location on the body for the anchor.
> My first reaction, though, was that after a period of time, we
> progress beyond the construction of the sign by it's individual
> symbols to just the sign itself and, further, to phrases and
> sentences. At that point, we may not be constructing a written sign
> based on the recording of an observed sign but more on rote
> memorization of written signs accepted as standard. In which case,
> the writing of the sign may very well take on a type of construction
> that's very close to what you have listed but in a standardized
> manner. Perhaps Valerie's pronunciation rules could be used here.
Agreed. The purpose of my description is to help people who believe it
is impossible to write a sign or who want to learn how to write a sign
to see how to break down the steps. Once they see how a sign can be
broken down and written, then they may be more willing to go the next
step to learn how to write it. I just want to be sure that I am
following a good process for writing it down. If you all have a
different process, I am interested to learn it because maybe my process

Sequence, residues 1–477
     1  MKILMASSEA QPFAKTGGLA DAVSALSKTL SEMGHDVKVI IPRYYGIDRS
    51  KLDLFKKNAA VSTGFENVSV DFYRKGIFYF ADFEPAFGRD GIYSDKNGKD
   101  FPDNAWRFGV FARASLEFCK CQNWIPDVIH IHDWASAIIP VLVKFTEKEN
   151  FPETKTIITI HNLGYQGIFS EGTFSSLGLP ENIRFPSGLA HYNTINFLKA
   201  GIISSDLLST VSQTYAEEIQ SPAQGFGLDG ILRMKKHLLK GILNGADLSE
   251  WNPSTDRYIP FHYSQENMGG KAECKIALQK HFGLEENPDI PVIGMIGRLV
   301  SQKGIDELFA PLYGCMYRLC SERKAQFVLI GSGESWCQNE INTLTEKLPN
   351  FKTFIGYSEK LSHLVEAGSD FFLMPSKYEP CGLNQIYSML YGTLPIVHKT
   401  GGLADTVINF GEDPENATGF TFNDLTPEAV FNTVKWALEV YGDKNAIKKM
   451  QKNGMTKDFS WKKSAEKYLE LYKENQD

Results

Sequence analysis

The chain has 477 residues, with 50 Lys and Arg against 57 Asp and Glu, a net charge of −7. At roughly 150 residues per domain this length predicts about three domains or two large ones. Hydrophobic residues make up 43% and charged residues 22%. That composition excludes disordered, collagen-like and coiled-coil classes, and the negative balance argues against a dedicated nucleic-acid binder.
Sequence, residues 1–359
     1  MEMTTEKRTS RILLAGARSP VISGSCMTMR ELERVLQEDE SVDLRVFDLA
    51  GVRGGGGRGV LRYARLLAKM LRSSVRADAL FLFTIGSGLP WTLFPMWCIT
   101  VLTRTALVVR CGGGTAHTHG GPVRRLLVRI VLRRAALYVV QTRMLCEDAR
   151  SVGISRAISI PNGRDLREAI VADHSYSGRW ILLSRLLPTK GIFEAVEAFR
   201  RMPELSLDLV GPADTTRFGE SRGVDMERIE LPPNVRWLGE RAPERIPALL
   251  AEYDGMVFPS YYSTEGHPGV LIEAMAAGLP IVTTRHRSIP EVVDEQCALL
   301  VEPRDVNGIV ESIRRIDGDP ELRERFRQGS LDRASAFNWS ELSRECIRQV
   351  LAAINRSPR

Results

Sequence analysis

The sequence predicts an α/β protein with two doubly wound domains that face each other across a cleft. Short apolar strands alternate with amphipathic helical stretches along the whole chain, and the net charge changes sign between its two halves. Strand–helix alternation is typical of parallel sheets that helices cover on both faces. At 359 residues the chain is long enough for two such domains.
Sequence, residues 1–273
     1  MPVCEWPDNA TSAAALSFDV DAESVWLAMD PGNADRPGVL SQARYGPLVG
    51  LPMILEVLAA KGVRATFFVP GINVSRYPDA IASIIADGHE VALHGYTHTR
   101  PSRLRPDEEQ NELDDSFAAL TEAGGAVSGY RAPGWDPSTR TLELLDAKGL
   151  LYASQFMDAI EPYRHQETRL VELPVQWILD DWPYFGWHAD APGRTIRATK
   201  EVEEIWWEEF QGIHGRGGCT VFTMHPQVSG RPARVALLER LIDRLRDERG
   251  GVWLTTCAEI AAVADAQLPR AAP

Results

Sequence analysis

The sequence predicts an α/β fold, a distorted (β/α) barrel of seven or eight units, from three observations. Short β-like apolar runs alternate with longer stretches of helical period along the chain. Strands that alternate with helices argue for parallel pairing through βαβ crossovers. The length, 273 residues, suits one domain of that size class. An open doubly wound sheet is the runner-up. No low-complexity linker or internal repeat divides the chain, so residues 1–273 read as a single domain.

needs refining or maybe like Perl programmers say, "TMTOWTDI" (There's
More Than One Way To Do It). If I teach my process and a student
doesn't get it, maybe another process will help them.
> Stuart Thiessen wrote:
>> I was just looking for a way to describe in basic, simple terms how
>> we move from a sign we see to a sign we write. Any feedback on these
>> steps as a way to describe this process? It would be much
>> appreciated. I came up with these steps. I am not sure about the
>> timing of #6, but I just put it there for now. I wanted to think of a
>> way to help people visualize the process. This is what I catch myself
>> doing. What about you all?
>> 1. Identify the signs anchor. This could be neutral space in front
>> of the body or it could be some location on the body.
>> 2. If hands are involved (we should never assume always), we need to
>> identify the handshape(s) and orientation(s) and select the
>> corresponding symbol(s), placing the symbol(s) in 2D relationship to
>> the anchor.
>> 3. If the hand(s) contact the body or each other, we need to select
>> the appropriate contact symbol to represent the contact.
>> 4. Unless the sign is stationary or only consisting of simple
>> contact, we now look to identify the movement of the hand(s) and
>> select the appropriate movement symbol(s).
>> 5. If the hand(s) change to another handshape(s) during the movement,
>> we select those handshape(s) and note their location(s).
>> 6. Finally, we note any particular dynamics (fast, slow, tense, etc.)
>> and any non-manual markers that are essential to the sign.